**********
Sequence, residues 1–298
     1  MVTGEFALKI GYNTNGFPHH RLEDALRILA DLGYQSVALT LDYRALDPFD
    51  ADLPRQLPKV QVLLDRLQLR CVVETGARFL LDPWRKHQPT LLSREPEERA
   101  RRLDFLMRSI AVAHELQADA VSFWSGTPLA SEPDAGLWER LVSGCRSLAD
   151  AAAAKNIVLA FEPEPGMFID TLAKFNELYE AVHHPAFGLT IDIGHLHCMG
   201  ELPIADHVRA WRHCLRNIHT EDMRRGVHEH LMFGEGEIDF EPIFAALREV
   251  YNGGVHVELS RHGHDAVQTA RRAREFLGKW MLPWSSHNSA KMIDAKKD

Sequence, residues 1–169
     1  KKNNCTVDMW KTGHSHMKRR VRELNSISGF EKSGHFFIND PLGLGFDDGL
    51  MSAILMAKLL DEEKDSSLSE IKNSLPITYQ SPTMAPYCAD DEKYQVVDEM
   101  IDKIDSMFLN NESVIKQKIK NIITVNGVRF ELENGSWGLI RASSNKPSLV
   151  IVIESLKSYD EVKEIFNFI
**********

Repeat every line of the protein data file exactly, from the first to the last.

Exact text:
Sequence, residues 1–298
     1  MVTGEFALKI GYNTNGFPHH RLEDALRILA DLGYQSVALT LDYRALDPFD
    51  ADLPRQLPKV QVLLDRLQLR CVVETGARFL LDPWRKHQPT LLSREPEERA
   101  RRLDFLMRSI AVAHELQADA VSFWSGTPLA SEPDAGLWER LVSGCRSLAD
   151  AAAAKNIVLA FEPEPGMFID TLAKFNELYE AVHHPAFGLT IDIGHLHCMG
   201  ELPIADHVRA WRHCLRNIHT EDMRRGVHEH LMFGEGEIDF EPIFAALREV
   251  YNGGVHVELS RHGHDAVQTA RRAREFLGKW MLPWSSHNSA KMIDAKKD

Sequence, residues 1–169
     1  KKNNCTVDMW KTGHSHMKRR VRELNSISGF EKSGHFFIND PLGLGFDDGL
    51  MSAILMAKLL DEEKDSSLSE IKNSLPITYQ SPTMAPYCAD DEKYQVVDEM
   101  IDKIDSMFLN NESVIKQKIK NIITVNGVRF ELENGSWGLI RASSNKPSLV
   151  IVIESLKSYD EVKEIFNFI